Sheaffer Triumph Statesman Fountain Pen, Carmine, F

(Sold) This is a mid-1940s White Dot Sheaffer Triumph Craftsman Vac fountain pen in striated Carmine celluloid, with gold-filled trim, and a 14k gold, two-tone Lifetime Triumph Fine nib. The pen has been restored, which included a complete disassembly, a gentle cleaning, an overhaul of the filling mechanism, ink flow adjustment, a nib tune-up, and a gentle polish with a soft cloth (by hand). This is a medium-size pen measuring a little over 5" capped and 0.44" in diameter. It posts very well, and writes a true-to-size Fine line of about 0.4 mm, so it's possible it sold as a Medium.

Sheaffer Triumph Statesman Fountain Pen, Carmine, F, uncapped, with the plunger partially extended

One of the most intractable problems that a fountain pen designer must try to solve is handling the expansion of ink due to changes in temperature and pressure. Today, sadly, but understandably, most pen makers focus on aesthetics rather than engineering aspects of pen design, and, as a result, most pens made today employ a similar, simple method of regulating flow, i.e.,  a plastic (or, rarely, ebonite) feed with a relatively larger surface area and one (sometimes two) channels. As a result, modern pens are not particularly good at dealing with ink flow fluctuations, particularly those due to changes in temperature. We keep hearing stories of pens "exploding," leaking, burping, when the temperature or atmospheric pressure go up or down by a significant amount.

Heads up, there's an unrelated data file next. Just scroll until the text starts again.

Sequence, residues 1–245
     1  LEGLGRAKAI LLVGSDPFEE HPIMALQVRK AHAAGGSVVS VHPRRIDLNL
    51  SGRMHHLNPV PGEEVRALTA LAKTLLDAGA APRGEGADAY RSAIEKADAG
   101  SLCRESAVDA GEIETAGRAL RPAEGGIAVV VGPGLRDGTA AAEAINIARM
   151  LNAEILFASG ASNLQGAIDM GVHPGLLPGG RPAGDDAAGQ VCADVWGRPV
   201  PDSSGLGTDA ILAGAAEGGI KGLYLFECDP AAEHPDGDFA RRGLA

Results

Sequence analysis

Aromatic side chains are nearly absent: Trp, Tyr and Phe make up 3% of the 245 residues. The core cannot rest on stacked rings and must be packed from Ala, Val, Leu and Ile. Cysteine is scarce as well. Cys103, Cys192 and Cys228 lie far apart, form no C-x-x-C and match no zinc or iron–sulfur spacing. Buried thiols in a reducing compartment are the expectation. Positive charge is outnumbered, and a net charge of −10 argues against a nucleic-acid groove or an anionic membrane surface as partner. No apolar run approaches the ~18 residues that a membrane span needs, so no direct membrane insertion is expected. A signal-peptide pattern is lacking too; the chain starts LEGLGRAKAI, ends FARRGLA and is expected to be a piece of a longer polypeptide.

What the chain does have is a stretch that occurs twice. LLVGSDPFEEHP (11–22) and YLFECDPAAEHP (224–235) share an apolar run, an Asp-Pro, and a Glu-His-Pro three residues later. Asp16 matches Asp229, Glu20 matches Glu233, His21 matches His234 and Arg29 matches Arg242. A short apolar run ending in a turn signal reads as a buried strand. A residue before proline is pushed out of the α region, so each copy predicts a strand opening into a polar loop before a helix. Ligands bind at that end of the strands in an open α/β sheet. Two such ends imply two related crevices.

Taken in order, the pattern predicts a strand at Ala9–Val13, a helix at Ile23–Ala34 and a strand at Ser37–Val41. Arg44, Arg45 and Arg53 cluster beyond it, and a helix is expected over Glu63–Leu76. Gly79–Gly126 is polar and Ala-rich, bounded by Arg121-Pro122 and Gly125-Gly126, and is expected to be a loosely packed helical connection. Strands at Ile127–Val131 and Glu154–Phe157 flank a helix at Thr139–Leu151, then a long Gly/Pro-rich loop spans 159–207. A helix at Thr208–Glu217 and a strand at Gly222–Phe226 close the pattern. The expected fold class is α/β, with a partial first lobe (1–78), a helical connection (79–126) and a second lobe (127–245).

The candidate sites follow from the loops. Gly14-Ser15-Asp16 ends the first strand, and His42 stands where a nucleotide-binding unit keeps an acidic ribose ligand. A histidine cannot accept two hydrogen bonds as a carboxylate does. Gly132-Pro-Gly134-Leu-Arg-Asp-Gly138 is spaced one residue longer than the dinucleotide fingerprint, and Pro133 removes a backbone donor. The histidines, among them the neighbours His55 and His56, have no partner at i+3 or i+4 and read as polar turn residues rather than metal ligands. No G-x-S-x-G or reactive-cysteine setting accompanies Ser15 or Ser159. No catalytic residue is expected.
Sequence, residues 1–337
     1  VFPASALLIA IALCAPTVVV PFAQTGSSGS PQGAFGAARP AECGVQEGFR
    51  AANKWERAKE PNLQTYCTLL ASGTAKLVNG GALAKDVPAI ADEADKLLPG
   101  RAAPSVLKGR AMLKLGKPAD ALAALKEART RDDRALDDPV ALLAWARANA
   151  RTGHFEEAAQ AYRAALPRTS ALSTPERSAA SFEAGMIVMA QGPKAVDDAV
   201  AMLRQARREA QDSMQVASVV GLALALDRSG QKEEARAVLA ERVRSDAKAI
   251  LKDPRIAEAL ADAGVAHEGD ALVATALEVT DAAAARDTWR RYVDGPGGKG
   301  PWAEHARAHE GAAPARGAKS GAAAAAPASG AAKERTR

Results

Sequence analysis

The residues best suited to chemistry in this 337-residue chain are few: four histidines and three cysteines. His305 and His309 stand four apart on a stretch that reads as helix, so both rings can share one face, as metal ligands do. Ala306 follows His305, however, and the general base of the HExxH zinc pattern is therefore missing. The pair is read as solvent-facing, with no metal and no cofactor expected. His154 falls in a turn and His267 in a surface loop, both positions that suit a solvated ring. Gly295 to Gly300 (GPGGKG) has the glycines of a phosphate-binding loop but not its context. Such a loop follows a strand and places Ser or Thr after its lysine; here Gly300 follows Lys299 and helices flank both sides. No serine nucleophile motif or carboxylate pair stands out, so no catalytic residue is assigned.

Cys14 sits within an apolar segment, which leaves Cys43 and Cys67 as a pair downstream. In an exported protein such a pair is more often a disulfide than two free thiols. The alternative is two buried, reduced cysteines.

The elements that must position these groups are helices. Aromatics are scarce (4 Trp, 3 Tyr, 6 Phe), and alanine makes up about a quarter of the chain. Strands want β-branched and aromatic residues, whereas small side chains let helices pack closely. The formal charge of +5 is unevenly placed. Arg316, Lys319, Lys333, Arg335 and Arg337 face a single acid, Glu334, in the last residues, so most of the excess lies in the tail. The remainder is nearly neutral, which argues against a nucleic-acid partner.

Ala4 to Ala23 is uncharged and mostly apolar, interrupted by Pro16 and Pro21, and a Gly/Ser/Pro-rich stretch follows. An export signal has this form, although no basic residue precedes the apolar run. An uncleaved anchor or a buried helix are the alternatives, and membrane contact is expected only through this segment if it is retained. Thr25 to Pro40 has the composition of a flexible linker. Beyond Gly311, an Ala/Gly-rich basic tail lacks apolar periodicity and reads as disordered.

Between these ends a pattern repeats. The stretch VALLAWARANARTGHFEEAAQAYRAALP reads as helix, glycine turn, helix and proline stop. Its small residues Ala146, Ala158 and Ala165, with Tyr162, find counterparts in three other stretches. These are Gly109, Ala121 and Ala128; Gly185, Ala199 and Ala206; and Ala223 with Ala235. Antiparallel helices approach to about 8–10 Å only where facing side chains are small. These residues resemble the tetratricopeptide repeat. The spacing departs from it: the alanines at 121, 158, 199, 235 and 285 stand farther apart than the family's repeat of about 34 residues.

Sheaffer Triumph Statesman Fountain Pen, Carmine, F, nib profile showing excellent tipping geometry and alignment. Also, note the oversize ebonite feed

In the early 1940s, Sheaffer brought to market its own solution to regulating ink flow, the Triumph system. The Triumph solves the ink expansion problem by providing an oversize ebonite feed with a larger surface area and one larger channel that runs inside it. The feed is enclosed inside a cylinder made of 14k gold, which offers an additional buffering capability and further protects the system against external factors, such as drying out. By today's standards, the Triumph is "ahead of anything in the field" despite predating modern pens by more than half a century. 

What this means to us, writers, is that a Triumph pen is going to give us that silky smooth, well-controlled, generous, steady, and delightful flow of ink, regardless of atmospheric conditions, and will be resilient against quirks of ink, paper, and writing technique. The pen I'm offering today is a great specimen of the Triumph, in fantastic condition, and made of the highly coveted Carmine celluloid. And, it's priced well below most modern pens of comparable features and performance.

The nib, which probably sold as a Medium, lays down a generous Fine line of about 0.4 mm (on my paper). The oversize feed keeps the flow steady and consistent. The nib is firm but feels smooth and soft on paper, thanks to its ingenious upturned design and the vibration dampening properties of the gold point. Cosmetically, it's great! The gleaming, vibrant Carmine celluloid is so gorgeous, and irresistibly so. The gold-filled trim is in equally great shape. The imprint is strong.

Sheaffer Triumph Statesman Fountain Pen, Carmine, F, capped